On June 23 and June 24, the greater New York chapter of Inc. Magazine's Business Owners Council met to discuss the commercial real estate market.
Focusing on current opportunities created by the disruption in the economy and credit markets, real estate expert Phil DiGennaro from Withers Bergman along with successful entrepreneurs Jim Berlin, CEO of Logistics Plus and Shelly Kahan, CEO of Interstate and Lakeland Lumber spoke about the role of real estate in their strategic thinking.
Jim Berlin, who was last featured in the March 2009 issue of Inc. magazine, shared with us how his firm's purchase of the Erie, PA train station had opened up new facets to his business life and transformed himself and his $90 million trucking company into a civic leader in the community.
Shelly Kahan, the 3rd generation of Kahan to run this Connecticut-based lumber company, has been thinking about real estate for as long as he's been running the family business. Today, his business owns critical transportation-friendly hubs throughout Connecticut, providing a competitive advantage for his business and a platform for the next generation to grow.
Both of these extremely successful business owners shared their strategies and their process for making the savvy real estate moves that have been instrumental to their success.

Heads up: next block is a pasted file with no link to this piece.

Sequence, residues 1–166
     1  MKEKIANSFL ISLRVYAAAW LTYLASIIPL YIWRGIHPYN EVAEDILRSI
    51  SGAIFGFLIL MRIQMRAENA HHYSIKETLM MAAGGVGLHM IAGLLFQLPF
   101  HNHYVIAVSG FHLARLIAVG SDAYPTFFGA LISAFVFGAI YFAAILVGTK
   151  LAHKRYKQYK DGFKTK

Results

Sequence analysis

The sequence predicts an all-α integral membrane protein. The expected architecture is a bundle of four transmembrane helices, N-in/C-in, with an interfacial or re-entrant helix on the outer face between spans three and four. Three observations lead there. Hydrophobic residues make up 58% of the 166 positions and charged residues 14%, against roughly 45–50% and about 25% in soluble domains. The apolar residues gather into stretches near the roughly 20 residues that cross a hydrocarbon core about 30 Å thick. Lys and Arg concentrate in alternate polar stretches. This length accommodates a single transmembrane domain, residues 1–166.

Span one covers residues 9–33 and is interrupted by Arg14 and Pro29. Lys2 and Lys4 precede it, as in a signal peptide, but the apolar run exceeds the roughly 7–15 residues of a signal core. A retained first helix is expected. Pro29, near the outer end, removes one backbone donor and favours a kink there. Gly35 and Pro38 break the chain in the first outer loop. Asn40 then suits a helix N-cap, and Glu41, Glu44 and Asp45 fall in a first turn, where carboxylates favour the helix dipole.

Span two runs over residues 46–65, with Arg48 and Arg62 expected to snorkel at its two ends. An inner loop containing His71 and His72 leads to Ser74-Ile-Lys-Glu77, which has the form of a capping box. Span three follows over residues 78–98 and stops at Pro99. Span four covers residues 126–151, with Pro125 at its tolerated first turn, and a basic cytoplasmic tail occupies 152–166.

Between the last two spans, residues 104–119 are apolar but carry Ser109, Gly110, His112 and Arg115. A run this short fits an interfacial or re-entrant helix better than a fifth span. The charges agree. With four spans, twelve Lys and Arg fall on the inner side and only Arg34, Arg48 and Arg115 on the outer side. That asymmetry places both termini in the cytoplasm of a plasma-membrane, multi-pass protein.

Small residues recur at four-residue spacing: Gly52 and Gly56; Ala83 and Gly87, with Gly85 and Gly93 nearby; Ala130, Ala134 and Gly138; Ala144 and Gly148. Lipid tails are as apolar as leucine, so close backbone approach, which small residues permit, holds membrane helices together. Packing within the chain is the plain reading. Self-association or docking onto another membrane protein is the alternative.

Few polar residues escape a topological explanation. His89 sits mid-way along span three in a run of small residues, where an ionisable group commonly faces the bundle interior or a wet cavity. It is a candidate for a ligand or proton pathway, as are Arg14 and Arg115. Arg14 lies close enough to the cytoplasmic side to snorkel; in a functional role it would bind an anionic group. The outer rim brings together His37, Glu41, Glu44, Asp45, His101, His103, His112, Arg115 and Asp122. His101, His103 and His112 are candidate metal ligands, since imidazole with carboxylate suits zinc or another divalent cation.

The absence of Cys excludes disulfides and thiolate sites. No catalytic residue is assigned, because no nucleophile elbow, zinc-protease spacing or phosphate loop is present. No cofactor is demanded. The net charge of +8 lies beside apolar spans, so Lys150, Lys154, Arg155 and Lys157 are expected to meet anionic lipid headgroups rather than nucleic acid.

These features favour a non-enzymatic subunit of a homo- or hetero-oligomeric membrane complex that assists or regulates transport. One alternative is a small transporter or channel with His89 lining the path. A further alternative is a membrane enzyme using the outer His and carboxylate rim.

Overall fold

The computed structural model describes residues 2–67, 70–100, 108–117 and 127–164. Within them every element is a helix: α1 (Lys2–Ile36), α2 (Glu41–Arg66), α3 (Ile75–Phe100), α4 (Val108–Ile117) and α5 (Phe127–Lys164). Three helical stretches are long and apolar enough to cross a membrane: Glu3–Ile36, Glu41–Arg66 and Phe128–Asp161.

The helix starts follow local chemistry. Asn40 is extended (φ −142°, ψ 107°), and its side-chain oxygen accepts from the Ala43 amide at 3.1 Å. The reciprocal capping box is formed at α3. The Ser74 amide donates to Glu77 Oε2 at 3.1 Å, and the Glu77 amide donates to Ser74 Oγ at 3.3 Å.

Later, Phil DeGennaro, real estate expert and attorney from Withers Bergman, offered us his golden rules of commercial real estate:
1) Whether leasing, buying or selling, find out everything you can about who you're negotiating with. This can help set the course of your negotiating strategy.
2) Be creative when it comes to financing. The current credit crisis has led to some new financing opportunities, such as "seller-financing" and "lease buy backs".
3) Consider developing a relationship with a local community bank. They are focused on helping local and regional businesses succeed and are still actively financing quality companies. (Last month we introduced the attendees to Herald National Bank, a New York-area community bank that serves the middle-market category of businesses.)
4) Do not enter into real estate deals that threaten the successful running of your core business. That business, and the cash-flow it produces, is the jewel in your crown.
Norm Brodsky offers advice to a colleague who got in over his head with real estate debt.
The attendees, business owners from Long Island, New Jersey, New York and Connecticut peppered our experts with questions as we enjoyed house tours of beautiful estate homes and a fantastic sunset from the boardroom of Inc. magazine's downtown NYC headquarters. A good time was had by all!
For more information on Inc. Business Owners Council, click here.